“He was fascinated by the fact I could use computers. I use a normal computer with special software which reads aloud what is on the screen.
“Mike arranged to come and see me and on another occasion, I called him up to speak to him and got Helen instead who was his friend from school.
“Helen and I ended up chatting for one-and-a-half hours and I asked her for her telephone number.
“Our first date was outside Windsor Castle.
“It was a blind date in more ways than one!”
When asked what attracted her to David, Helen, a headteacher in Liverpool, explains: “David has the most gorgeous voice in the world and I was also attracted by his intelligence and sense of humour.
“I cannot believe some of the things he has achieved despite being blind.
“I admire his strength of character and his courage and persistence in not wanting to be different or expecting life to owe him anything.
“He has always had to work twice as hard as anyone else.
“When you are with David, you are never aware he is blind.
“We are great friends and have many shared passions including music, reading, horse-racing, football and cricket.”
After meeting Helen, David moved to Lancashire and worked for BAE in Warton and the cabinet office before becoming head of human resources for the DWP in Scotland.
David suffered a silent heart attack and underwent a coronary heart bypass in October 2010 at the Lancashire Cardiac Centre in Blackpool.
Although he returned to work afterwards, in June 2012, David decided to retire as living away from home and the job was putting a strain on his health.
It was then that he looked into becoming a magistrate and finally achieved his dream of working in court by becoming Preston’s only blind magistrate.
David says: “For many years, blind people were not eligible to be considered as magistrates because of not being able to see.
“However, if you look at the statue of Lady Justice at the Old Bailey, you can see she is blind and holding a set of scales and a sword.
“When I deal with cases, I have no visual information about the defendant or witnesses. I cannot see them or have any preconceived ideas about them.
“I look at cases purely on the facts because of my circumstances.
“People are often told by their brief to wear a suit and look tidy for their court appearance.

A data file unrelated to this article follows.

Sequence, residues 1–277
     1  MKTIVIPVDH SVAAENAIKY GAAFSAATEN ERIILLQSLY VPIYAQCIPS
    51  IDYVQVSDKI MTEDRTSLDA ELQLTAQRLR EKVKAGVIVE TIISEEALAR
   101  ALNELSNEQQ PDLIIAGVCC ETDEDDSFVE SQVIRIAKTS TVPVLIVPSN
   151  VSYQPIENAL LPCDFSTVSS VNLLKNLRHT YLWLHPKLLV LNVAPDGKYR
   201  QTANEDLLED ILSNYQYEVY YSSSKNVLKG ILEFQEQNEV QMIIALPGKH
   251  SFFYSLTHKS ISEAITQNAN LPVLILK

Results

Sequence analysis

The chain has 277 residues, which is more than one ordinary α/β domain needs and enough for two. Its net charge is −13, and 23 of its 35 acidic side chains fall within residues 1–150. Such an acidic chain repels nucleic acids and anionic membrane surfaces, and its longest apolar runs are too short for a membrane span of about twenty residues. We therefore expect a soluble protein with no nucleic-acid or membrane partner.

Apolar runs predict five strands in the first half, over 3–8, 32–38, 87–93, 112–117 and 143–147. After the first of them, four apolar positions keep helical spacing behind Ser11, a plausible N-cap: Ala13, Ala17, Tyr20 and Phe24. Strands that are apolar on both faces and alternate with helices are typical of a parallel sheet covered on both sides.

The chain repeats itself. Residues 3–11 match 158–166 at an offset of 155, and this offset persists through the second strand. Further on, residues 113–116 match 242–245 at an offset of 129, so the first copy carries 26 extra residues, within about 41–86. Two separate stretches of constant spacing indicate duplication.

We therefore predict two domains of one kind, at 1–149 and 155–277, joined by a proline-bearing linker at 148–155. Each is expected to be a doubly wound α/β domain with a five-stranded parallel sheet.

“But they could be wearing a swimming costume, torn jeans and a baseball cap and it would not make any difference to me.
“I have had a lifelong passion for the law and am firmly committed to fairness.
“The judges at Preston are brilliant and it is a joy to be in court there. It feels like where I belong.”
After 17 years as a couple, David and Helen were married in May this year at The Willows Catholic Church in Kirkham followed by a honeymoon flying to New York and returning on the Queen Mary 2.
David, who has two children and three grandchildren, jokes: “After 17 years, I finally ran out of excuses not to get married!”
Instead of wedding presents, the pair asked for charity donations and raised £2,000 for the Lancashire Cardiac Centre.
David has memories of being able to see colours and remembers things like trees, bushes and clouds and uses them to build pictures in his mind.
He explains: “I have memories that I cling to and everything I hear, I use to build pictures in my mind’s eye.
“I draw on my memories of colours and shapes to fill in the details of what is being described to me.
“Even though I lost my sight in that accident, I think I am the luckiest bloke alive.
“I had a great education, a wonderful career and now I have got a lovely wife as well as wonderful children and grandchildren.
“I have been lucky enough to travel the world and I am now doing the job I love more than anything else as a magistrate.
“The fact I am blind is just incidental. If I could see just one more thing in my life, I would love to see a starry sky at night. I don’t feel a need to see Helen or my children or grandchildren as I would not love them any more if I could see them than I already do.”